Propagating (bulk) free-space modes of Maxwell equations are polarized plane waves. Introducing the complex amplitude **E**(**r**) of the harmonic electric field **E**(**r**,*t*) = Re[(**r**)*e*^{–}^{i}^{ω}* ^{t}*], the plane-wave solution with wave vector is (1)Here,

*k*= ω/

*c*,

**e**is the complex unit polarization vector (), whereas , , and denote the unit vectors of the corresponding axes. The Jones vector ξ = (α,β)

*is a three-dimensional (3D) spinor, which describes the SU(2) polarization state of light. The spin states of propagating light are circular polarizations , with helicities σ ≡ 2Im(α*β) = ±1. According to the massless nature of photons, the plane-wave spin is directed along the wave vector:*

^{T}**S**= σ

**k**/

*k*[we consider the spin density per photon in units (supplementary text)].

Generalizing Eq. 1 to an arbitrary direction of propagation, the polarization vector becomes momentum-dependent: **e**(**k**). Namely, it is tangent to the **k***-*space sphere because of the transversality condition . This spherical **k**-space geometry underlies the spin-orbit interaction of light (*12*–*16*). In particular, introducing the helicity basis of circular polarizations **e**^{σ}(**k**) (*16*), one can calculate the Berry connection **A**^{σσ′} = –*i***e**^{σ} · (∇** _{k}**)

**e**

^{σ′}and curvature

**F**

^{σσ′}= ∇

**×**

_{k}**A**

^{σσ′}for photons. In agreement with the helicity-degenerate light-cone spectrum of photons, the Berry curvature is diagonal,

**F**

^{σσ′}= δ

^{σσ′}

**F**

^{σ}, and it forms two monopoles at the Dirac-point origin of the momentum space (

*12*–

*16*): (2)This curvature is responsible for the spin-redirection Berry phase and the SHE in optics (

*12*–

*16*).

We define the topological Chern numbers for the two helicity states , where the integral is taken over the **k**-space sphere. The Chern numbers are meaningful in systems with Abelian Berry phases, such as 2D systems with the conserved spin component along the third dimension (*7*, *8*, *28*). This is also the case for photons having Abelian Berry phase, 2D polarization on the **k**-space sphere, and conserved radial **k**-component of the spin (helicity) (*29*). The monopole curvature (Eq. 2) yields . The total Chern number and the spin Chern number characterize the photonic QHE and QSHE properties (*7*, *8*, *28*): (3)The physical meaning of the Chern numbers is the number of edge modes with fixed direction of propagation. The vanishing total Chern number (Eq. 3) reflects the -symmetry of Maxwell equations and the absence of the QHE for free-space photons. At the same time, the nonzero spin Chern number (Eq. 3) implies that free-space light has two pairs of QSHE modes—edge counterpropagating modes with opposite spins. Furthermore, the value implies that the topological ℤ_{2} invariant, associated with the -symmetry, vanishes: . This means that surface modes of Maxwell equations are not helical fermions (*30*) as, for example, surface states of the Dirac equation (*31*, *32*).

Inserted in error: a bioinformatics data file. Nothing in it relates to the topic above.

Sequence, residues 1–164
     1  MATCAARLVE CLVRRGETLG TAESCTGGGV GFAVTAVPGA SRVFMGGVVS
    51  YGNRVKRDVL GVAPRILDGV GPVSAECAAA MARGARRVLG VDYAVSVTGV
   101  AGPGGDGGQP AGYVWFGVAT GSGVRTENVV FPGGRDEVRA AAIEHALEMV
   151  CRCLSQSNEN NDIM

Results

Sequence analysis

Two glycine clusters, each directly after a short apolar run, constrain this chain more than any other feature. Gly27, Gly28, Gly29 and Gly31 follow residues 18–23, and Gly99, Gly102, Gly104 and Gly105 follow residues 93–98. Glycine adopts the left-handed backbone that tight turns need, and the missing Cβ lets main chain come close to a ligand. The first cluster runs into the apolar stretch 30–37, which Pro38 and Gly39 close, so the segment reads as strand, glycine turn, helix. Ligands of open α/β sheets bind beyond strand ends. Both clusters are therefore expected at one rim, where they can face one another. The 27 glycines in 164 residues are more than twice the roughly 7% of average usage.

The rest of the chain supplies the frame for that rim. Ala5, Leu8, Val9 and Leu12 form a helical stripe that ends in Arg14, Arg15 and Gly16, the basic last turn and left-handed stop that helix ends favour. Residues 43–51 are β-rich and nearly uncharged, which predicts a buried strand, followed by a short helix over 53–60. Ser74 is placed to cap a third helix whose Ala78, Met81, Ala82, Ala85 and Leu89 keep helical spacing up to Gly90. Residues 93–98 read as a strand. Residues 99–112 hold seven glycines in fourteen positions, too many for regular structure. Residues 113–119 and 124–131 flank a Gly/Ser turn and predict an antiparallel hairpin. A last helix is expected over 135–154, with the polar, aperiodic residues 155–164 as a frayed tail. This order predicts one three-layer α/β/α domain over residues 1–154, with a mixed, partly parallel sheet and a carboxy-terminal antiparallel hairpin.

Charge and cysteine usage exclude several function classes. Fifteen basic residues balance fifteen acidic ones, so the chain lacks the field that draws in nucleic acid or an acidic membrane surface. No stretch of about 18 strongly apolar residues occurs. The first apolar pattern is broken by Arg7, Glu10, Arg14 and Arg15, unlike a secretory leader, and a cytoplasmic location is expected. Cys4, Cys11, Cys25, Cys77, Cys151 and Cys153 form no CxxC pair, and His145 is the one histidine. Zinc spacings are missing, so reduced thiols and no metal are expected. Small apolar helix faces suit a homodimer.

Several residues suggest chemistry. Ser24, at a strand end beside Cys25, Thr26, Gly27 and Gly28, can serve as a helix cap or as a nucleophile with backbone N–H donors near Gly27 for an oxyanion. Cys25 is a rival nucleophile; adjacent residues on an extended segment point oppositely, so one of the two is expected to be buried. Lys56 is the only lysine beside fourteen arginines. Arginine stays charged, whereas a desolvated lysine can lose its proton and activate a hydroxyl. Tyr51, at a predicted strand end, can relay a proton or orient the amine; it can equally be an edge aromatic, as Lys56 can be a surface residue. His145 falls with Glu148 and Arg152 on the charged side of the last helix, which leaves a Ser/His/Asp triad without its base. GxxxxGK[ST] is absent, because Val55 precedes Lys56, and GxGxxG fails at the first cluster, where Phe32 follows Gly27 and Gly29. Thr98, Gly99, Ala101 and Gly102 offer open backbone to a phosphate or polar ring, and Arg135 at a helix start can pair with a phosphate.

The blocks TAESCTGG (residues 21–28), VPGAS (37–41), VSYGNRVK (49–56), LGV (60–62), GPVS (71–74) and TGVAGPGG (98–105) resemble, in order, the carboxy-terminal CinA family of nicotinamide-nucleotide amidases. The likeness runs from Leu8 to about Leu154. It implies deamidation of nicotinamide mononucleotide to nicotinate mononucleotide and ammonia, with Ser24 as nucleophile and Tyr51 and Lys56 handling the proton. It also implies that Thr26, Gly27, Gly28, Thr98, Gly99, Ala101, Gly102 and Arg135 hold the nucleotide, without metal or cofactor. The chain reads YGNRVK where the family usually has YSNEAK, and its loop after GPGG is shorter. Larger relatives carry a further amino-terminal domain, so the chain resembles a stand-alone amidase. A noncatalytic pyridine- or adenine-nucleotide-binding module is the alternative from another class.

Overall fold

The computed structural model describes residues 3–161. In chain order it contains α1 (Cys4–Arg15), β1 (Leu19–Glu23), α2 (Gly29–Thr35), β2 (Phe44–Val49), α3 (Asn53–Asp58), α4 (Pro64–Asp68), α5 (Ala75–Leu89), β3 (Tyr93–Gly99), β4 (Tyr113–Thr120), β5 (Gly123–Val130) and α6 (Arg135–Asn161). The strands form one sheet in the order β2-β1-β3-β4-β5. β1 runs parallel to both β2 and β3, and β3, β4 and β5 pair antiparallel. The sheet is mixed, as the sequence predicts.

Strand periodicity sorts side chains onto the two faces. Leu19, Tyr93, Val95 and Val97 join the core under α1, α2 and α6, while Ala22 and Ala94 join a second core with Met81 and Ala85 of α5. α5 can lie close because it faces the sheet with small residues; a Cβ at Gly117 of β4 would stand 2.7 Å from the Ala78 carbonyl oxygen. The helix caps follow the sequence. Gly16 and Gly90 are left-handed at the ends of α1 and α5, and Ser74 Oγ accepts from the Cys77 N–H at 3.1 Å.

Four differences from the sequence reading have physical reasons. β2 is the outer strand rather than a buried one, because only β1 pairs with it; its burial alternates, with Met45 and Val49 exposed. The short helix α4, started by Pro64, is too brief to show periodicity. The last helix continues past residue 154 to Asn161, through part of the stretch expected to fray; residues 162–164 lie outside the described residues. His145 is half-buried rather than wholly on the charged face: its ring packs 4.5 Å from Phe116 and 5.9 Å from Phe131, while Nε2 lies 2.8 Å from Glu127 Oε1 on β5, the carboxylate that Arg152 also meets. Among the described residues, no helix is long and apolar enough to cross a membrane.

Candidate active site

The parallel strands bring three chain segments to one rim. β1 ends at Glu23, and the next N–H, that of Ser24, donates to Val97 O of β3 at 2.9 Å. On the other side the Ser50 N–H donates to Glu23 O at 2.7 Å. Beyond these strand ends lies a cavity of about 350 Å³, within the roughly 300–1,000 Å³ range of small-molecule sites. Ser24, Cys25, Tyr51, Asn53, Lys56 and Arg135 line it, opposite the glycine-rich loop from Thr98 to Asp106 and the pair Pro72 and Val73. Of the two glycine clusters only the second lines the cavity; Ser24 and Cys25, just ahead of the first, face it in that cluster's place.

Nonetheless, nontrivial QSHE states of light exist, and they are well known. The photonic edge states of a bounded segment of free space are evanescent waves. For instance, assuming the boundary, with free space at , the generic evanescent-wave solution of Maxwell equations can be written as (*21*) (4)Here, the spinor still characterizes the wave polarization states. The wave (Eq. 4) propagates along the axis with wave number and decays exponentially away from the boundary with decrement .